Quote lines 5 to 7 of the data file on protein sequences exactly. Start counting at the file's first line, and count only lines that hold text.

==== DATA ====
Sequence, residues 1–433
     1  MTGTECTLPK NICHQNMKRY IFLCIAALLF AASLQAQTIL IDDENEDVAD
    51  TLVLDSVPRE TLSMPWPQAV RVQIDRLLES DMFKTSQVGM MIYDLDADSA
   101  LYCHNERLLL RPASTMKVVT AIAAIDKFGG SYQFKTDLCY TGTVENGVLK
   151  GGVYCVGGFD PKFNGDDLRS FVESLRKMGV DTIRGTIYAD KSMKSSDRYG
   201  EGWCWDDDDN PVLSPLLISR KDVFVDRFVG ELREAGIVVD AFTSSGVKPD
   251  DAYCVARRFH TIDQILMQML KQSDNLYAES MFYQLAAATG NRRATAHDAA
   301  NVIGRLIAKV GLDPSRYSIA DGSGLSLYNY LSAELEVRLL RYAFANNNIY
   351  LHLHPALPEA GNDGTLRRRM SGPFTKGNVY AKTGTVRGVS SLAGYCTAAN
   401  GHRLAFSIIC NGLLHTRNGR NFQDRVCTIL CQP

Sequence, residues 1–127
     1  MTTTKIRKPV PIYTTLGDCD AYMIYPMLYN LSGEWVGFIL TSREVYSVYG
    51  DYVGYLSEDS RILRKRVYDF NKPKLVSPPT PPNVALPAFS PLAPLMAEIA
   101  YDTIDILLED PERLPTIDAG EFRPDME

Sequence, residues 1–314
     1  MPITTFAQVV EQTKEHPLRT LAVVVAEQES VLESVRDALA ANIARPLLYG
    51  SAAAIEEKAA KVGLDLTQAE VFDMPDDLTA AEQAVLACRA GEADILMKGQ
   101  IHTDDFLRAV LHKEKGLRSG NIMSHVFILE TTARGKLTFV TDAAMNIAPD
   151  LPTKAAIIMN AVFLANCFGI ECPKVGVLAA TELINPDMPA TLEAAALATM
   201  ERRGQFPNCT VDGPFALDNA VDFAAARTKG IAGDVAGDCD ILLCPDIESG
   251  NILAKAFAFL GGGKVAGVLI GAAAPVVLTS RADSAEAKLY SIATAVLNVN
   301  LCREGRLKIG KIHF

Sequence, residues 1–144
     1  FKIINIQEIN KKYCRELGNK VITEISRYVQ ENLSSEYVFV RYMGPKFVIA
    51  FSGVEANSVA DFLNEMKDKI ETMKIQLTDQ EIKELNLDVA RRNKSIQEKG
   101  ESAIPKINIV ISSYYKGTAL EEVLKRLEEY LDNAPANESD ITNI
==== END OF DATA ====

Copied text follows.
   151  GGVYCVGGFD PKFNGDDLRS FVESLRKMGV DTIRGTIYAD KSMKSSDRYG
   201  EGWCWDDDDN PVLSPLLISR KDVFVDRFVG ELREAGIVVD AFTSSGVKPD
   251  DAYCVARRFH TIDQILMQML KQSDNLYAES MFYQLAAATG NRRATAHDAA